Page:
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The lemon tree (Citrus limon or limonum) is a shrub with persistent and glossy dark green leaves, also called "English lemon tree", which belongs to the large Rutaceae or citrus family.
Its genus includes one hundred and sixty species. Its leaves which contain translucent glands, release a strong fragrance when crumpled. Its fruits are present on the tree throughout the year, with peaks in March-April and October-December. Citrus limon is derived from the natural hybridisation between citron (Citrus medica var. vulgaris), lime (Citrus limetta) and grapefruit (Citrus paradisii). Showy to the eyes and astringent to the palate, lemons have a temperament that leaves no one indifferent. Its marked personality can be annoying: the press gives the "lemon award" to a particularly awkward politician. An old popular Greek song says: "Say, do not smell so strong, my little scented lemon, or I will get mad!" It is a native of ancient Media, between the Tigris and the Caspian sea. Virgil, in The Eclogues, considered it capable of "softening the stinking breath of the Medes and "soothing the pulse of trembling elders". Crusaders called lemons the "Median apple" and it was taken on board as an anti-scurvy treatment by Arab navigators two centuries before Christopher Columbus crossed the Atlantic in his caravels.
Cultivation and production
Lemon trees, cultivated in the Mediterranean basin, especially in Spain, main world exporter, and in subtropical regions, like slightly acid and well drained soils. In France, it grows in the ground in the region of Menton and Corsica, but the market production is insignificant.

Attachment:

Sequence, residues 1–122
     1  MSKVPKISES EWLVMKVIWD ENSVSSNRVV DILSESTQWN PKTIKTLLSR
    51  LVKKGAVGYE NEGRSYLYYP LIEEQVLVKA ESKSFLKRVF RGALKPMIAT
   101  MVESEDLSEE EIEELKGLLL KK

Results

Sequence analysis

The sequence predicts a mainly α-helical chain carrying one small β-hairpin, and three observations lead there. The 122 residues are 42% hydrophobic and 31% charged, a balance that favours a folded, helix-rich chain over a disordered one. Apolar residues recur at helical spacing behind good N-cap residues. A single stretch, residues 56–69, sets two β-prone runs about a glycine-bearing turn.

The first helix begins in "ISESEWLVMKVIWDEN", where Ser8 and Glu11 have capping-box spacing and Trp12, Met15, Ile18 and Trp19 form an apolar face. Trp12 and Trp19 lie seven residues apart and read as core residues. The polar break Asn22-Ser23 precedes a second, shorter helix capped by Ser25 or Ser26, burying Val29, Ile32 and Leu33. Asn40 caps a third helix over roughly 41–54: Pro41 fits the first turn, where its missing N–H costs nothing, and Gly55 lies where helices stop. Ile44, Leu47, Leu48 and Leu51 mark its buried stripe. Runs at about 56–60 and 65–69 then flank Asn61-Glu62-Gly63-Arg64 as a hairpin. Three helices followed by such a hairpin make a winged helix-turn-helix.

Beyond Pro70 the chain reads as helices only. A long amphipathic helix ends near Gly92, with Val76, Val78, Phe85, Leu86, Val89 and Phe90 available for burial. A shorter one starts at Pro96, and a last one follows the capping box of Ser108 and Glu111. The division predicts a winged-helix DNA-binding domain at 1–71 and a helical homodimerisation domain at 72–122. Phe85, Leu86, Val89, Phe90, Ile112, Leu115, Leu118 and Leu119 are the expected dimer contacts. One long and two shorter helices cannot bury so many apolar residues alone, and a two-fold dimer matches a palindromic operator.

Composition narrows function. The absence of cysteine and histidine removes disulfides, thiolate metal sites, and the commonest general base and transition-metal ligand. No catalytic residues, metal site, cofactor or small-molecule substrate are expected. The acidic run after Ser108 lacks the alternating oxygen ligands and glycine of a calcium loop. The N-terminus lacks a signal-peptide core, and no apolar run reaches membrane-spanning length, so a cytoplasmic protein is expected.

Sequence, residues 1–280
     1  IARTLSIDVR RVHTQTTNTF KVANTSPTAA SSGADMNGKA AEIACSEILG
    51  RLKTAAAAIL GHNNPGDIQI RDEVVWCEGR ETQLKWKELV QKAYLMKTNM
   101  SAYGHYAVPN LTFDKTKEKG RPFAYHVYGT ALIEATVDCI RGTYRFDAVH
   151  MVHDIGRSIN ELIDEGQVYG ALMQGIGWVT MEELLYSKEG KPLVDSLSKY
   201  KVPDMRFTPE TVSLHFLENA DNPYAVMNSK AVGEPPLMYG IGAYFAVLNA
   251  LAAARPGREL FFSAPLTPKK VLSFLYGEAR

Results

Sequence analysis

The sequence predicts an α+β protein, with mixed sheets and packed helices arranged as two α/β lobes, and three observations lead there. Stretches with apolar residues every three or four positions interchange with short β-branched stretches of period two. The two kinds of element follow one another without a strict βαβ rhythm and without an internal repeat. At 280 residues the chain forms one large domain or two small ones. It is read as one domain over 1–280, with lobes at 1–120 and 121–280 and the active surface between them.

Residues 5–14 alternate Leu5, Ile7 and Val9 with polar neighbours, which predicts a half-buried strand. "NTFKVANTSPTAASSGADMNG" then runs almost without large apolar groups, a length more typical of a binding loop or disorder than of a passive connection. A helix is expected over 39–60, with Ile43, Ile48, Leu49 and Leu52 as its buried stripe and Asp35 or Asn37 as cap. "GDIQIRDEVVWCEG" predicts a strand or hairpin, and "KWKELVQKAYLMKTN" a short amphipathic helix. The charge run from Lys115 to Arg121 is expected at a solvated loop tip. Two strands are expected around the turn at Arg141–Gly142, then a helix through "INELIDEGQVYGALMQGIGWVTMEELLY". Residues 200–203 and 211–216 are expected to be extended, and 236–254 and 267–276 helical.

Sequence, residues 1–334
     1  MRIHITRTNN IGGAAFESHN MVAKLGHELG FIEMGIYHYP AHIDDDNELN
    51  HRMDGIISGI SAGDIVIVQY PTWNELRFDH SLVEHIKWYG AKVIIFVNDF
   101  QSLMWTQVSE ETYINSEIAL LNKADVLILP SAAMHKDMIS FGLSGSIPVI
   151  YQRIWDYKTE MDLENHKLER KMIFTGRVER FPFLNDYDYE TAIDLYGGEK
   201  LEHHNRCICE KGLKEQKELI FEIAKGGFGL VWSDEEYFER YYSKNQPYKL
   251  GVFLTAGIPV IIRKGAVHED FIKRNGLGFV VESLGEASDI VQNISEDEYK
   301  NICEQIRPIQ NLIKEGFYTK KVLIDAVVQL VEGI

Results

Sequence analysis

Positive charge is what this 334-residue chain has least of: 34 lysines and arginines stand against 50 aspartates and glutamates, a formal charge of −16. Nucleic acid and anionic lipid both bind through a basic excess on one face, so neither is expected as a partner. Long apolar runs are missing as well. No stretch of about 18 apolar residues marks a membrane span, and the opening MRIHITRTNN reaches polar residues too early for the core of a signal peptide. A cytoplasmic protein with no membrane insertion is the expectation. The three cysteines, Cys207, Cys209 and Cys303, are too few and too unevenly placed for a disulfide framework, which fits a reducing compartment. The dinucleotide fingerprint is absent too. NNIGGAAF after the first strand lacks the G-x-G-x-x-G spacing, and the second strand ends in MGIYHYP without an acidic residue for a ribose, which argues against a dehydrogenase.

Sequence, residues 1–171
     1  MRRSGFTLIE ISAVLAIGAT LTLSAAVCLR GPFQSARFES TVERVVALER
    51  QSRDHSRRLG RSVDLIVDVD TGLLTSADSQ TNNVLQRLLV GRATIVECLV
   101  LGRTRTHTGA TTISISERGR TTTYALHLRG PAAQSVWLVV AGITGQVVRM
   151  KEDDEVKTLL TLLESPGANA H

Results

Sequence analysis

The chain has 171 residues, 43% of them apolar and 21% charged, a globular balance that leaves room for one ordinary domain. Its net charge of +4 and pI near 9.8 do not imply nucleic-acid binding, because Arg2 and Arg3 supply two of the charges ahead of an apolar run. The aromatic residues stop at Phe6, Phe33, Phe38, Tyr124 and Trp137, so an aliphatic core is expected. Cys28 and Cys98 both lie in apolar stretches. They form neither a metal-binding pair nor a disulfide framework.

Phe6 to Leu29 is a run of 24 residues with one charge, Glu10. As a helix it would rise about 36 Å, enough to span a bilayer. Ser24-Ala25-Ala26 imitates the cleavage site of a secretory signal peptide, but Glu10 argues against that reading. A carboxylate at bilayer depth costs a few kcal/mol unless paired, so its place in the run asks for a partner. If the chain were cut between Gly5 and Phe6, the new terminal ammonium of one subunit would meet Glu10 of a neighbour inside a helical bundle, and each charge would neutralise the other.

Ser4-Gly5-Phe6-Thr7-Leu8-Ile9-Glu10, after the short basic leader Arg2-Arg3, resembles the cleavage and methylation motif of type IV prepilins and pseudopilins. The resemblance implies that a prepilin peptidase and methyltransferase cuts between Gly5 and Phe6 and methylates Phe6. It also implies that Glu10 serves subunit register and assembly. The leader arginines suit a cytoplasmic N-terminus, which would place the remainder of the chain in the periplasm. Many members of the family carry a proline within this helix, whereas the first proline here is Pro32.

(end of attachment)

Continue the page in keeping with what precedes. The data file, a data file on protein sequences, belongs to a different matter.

The smell of lemon is typical, fresh, fruity and tangy, characteristic of the fresh lemon pericarp.
Extraction and yield
Lemons are picked before fully ripe and, like for all citrus, their essence is obtained by cold extraction from the rind. In the past they were pressed over a sponge. Its yield is of 4%, i.e. four kilograms of essence per hundred kilograms of fruit rind.
The active ingredients of the essence of Citrus limon are principally monoterpenes (limonene, gamma-terpinene, limonene), terpenic aldehydes (geranial, neral), monoterpenols (geraniol), along with coumarin and furocoumarin.
For many years it was only used as an antidote and remedy for respiratory ailments, the essence of Citrus limonum rind is recommended for its tonic, hepatic and anti-nausea properties. This essence is excellent for persons with a pulmonary overload (manifested by an asthmatiform cough), itself due to a functional hepatic failure. Its pleasant odour cleanses the air. It helps fighting against heavy legs, water retention and excess weight, when the symptoms are of hepatic origin.
Excerpts from the book « Aromatherapia – Tout sur les huiles essentielles », by Isabelle Pacchioni. Aroma Thera Editions.